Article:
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Church of St James

A Grade II Listed Building in Goosnargh, Lancashire

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Latitude: 53.866 / 53°51'57"N

Longitude: -2.6717 / 2°40'17"W

OS Eastings: 355928

OS Northings: 441295

OS Grid: SD559412

Mapcode National: GBR 9RSQ.DW

Mapcode Global: WH857.X3Y2

Entry Name: Church of St James

Listing Date: 13 January 1986

Grade: II

Source: Historic England

Source ID: 1361632

English Heritage Legacy ID: 185887

Location: Goosnargh, Preston, Lancashire, PR3

County: Lancashire

District: Preston

Civil Parish: Goosnargh

Traditional County: Lancashire

Lieutenancy Area (Ceremonial County): Lancashire

Church of England Parish: Whitechapel St James

Church of England Diocese: Blackburn

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Listing Text


Church of St. James

Church, rebuilt 1738 on site of late medieval chapel or oratory, enlarged
1818, reconstructed and chancel added in late C19, porch 1930. Coursed
sandstone rubble with quoins, slate roof with stone gable copings. Nave
and chancel, in vernacular style. Nave raised c.1890; west gable wall has
a 4-light double-chamfered stone mullion window at ground floor, and above
this a recessed window of 3 round-headed lights with hollow spandrels
(these appear to be C17 and C16 respectively); and an open-arched gable
bellcote with one bell, the bell-arch surmounted by a pyramidal finial with
consoles. Nave of 5 bays (5th added 1818) has at west end of south side a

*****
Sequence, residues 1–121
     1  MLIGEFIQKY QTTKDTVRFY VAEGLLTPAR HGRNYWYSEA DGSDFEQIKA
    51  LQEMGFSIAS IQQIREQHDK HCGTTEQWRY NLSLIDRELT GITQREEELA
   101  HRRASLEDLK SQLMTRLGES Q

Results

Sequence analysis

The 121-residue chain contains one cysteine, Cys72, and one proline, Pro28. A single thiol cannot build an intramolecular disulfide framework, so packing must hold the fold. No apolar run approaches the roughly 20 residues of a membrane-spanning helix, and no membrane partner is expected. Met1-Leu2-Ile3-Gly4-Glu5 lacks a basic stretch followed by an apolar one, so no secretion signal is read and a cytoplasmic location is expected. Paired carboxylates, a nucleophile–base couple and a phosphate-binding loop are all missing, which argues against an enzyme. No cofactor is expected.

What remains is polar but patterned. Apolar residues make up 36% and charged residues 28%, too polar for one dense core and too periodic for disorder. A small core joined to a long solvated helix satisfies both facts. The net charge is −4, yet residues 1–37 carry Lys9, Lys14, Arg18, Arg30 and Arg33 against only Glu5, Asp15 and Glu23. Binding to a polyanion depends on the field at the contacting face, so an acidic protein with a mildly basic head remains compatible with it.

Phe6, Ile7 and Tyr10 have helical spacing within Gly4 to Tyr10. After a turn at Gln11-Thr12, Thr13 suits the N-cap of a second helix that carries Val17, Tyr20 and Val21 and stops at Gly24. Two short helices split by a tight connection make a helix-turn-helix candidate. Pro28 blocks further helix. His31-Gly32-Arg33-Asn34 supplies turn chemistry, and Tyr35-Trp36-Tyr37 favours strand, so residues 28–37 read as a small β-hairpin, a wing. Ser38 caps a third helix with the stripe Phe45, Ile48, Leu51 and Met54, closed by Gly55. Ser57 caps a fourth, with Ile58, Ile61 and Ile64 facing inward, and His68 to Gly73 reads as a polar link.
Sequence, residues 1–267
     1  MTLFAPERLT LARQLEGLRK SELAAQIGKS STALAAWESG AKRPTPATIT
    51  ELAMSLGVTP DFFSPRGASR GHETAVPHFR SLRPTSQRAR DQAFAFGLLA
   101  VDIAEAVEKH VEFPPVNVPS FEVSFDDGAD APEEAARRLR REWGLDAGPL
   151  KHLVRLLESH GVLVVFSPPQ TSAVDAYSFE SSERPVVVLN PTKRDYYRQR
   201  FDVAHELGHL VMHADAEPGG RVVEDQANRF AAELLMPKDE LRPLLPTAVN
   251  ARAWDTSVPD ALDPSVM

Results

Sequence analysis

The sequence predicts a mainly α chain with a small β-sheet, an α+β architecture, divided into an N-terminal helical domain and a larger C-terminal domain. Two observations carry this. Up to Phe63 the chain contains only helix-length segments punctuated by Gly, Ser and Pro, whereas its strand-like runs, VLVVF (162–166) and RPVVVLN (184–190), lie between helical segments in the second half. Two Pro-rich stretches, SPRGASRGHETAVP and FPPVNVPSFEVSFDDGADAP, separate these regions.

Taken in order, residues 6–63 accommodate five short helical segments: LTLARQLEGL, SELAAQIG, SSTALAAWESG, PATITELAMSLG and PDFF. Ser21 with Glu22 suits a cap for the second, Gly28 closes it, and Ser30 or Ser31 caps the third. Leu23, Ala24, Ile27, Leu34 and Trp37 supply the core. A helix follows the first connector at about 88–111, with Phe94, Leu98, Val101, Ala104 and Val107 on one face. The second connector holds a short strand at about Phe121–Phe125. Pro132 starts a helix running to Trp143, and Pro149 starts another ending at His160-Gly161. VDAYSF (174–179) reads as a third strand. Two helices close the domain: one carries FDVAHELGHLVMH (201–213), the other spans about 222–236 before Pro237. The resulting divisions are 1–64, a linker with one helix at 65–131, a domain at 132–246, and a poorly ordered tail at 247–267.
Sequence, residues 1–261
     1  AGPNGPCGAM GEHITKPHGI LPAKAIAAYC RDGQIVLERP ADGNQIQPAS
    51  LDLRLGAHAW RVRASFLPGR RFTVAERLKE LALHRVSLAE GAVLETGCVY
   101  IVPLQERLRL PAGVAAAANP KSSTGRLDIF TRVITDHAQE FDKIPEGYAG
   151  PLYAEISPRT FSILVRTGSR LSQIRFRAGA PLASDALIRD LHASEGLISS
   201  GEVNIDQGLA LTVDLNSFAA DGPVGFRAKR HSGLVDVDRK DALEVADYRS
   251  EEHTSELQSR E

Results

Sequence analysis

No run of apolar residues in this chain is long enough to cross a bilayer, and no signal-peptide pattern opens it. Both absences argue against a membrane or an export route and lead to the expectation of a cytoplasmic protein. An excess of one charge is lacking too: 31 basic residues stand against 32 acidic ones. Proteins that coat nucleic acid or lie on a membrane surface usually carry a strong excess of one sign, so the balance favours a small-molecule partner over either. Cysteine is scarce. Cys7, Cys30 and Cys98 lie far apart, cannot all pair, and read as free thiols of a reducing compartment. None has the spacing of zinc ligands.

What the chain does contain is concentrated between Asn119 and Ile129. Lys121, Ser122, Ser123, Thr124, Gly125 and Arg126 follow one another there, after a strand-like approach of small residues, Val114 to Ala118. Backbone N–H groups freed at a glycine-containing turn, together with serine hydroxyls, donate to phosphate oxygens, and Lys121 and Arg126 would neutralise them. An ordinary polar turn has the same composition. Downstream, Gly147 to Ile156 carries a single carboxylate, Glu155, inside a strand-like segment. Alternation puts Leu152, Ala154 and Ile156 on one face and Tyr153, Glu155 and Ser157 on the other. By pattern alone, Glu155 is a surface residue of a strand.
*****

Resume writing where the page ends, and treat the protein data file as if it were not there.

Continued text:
gabled porch with battered buttresses and swept eaves, then windows of 1,2,
2,2, and 1 round-headed lights, all late C19, with diamond leaded glazing;
north side has addition to 1st bay, then four similar 2-light windows, the
middle two on a higher level than the others (originally to illuminate the
pulpit etc of 1738). Chancel has two round-headed single-light windows on
the south side, and an east window of 3 round-headed lights. Interior:
hammerbeam kingpost roof with Y-struts; semi-circular chancel arch with
shafts which have moulded caps; various tablets commemorating gifts and
benefactions of the family of John Roper (including the porch), and a
memorial to the Rev. Benn, vicar 1823-73, who carved the wooden furniture
in the chancel. History: the 1738 chapel, replacing a decayed building
only 9 yards by 4 yards, was built with the aid of Queen Anne's Bounty and
also housed the school (presumably at the west end, which was formerly
galleried); and the centre of the north side was originally furnished with
a 3-decker pulpit, reading desk, and clerk's seat (framed plan or "Plat
form" inside church). References: Fishwick Goosnargh pp. 39-47,
A. Hewitson Our Country Churches and Chapels, Preston, 1872, p.581.

Listing NGR: SD5592841295

This text is from the original listing, and may not necessarily reflect the current setting of the building.

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